Marler Clark’s first spinach cases came to it via the Internet. Gwyn Wellborn, a 27-year-old escrow officer, was hospitalized in late August with a potentially life-threatening complication from the E. coli bacteria. Her husband, David Wellborn, went online looking for more information on the condition. Clicking around the Internet, he came across a Marler Clark Web site. “It was a really good Web site,” he says. He canceled an appointment
he had made with a local lawyer and phoned the firm.

Drew Falkenstein, a firm associate, took the call. Mr. Wellborn mentioned that his wife had eaten Dole spinach. Six days later, Mr. Falkenstein says, a Wisconsin attorney referred a local case involving a family whose two children had E. coli; the mother suspected it was from Dole spinach.

Two mentions of Dole spinach struck Mr. Falkenstein and Patti Waller, the firm’s epidemiologist. They walked into Mr. Marler’s office, and he immediately suspected an outbreak. On Sept. 13 and 14, the families called the firm with results of DNA tests, which confirmed that their E. coli bacteria were from the same strain. On Sept. 14, just before government officials announced the news of the sullied spinach, Marler Clark had filed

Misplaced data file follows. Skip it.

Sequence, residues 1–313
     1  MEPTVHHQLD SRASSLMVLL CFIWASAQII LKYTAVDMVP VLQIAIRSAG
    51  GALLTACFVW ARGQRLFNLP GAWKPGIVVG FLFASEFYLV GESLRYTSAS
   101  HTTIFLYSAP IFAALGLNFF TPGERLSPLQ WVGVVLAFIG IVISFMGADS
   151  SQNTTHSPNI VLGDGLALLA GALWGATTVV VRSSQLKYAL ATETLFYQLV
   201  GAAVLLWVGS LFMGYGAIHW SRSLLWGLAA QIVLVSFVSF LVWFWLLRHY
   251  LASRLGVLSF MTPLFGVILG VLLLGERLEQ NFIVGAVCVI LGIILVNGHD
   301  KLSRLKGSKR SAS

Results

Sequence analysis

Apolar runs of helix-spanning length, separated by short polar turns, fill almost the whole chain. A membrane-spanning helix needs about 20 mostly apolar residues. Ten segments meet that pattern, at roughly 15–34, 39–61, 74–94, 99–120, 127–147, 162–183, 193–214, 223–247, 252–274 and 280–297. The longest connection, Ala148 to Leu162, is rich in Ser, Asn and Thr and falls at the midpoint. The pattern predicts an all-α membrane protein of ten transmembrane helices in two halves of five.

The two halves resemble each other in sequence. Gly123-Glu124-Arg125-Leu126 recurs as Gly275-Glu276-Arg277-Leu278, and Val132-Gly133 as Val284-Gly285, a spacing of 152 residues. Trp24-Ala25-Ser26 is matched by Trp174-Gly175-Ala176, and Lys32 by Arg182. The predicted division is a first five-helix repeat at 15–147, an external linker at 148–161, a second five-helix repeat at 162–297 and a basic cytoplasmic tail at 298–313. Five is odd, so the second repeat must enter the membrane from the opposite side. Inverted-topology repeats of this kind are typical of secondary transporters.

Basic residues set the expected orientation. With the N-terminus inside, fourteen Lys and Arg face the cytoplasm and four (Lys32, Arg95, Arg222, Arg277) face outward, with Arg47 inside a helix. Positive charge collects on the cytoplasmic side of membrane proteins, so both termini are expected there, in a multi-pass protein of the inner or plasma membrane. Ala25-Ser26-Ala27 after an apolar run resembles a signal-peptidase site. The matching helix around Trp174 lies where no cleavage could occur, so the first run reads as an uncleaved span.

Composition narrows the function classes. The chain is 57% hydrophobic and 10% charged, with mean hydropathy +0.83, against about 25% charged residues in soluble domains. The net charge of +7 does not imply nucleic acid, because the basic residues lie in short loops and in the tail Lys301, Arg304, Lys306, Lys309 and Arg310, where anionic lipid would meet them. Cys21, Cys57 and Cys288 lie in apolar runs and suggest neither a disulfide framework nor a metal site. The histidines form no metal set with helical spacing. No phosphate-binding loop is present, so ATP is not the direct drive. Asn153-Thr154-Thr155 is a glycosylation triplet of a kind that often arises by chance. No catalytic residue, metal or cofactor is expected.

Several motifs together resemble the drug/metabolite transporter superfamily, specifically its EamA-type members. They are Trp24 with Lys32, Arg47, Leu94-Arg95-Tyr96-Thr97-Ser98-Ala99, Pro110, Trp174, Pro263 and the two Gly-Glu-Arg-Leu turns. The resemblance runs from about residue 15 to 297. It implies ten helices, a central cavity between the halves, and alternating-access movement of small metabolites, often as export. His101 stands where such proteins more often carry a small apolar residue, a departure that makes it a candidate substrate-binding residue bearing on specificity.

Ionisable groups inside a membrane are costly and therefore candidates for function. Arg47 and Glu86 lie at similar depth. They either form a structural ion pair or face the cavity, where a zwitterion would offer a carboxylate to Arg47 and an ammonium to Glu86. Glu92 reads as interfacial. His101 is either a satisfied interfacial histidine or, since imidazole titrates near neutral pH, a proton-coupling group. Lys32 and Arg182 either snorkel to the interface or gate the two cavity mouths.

its first case on the Wellborns’ behalf.

Mr. Marler made his name in food-poisoning litigation in the early 1990s representing hundreds of plaintiffs against the Jack in the Box hamburger chain. His largest settlement was $15.6 million for a nine-year-old girl who developed acute HUS.

The firm has tried exactly one case—against a school district in eastern Washington state, where 11 children got E. coli from cafeteria food. Marler won a $4.6 million verdict. Marler says that in 13 years, he has settled cases worth more than $250 million.

Mr. Marler says he and his partner, Bruce Clark, age 50, “know more about [food-borne illness cases] than any two lawyers on the planet.” He points to a bound document running some 600 pages; it is a case workup laying out the science of the disease, a child’s injuries and the estimated damages, which he will soon be sending to a manufacturer and retailer of contaminated products in a recent E. coli case. He also included a DVD of a day in the life of the child, meant to give the potential defense a picture of the injuries.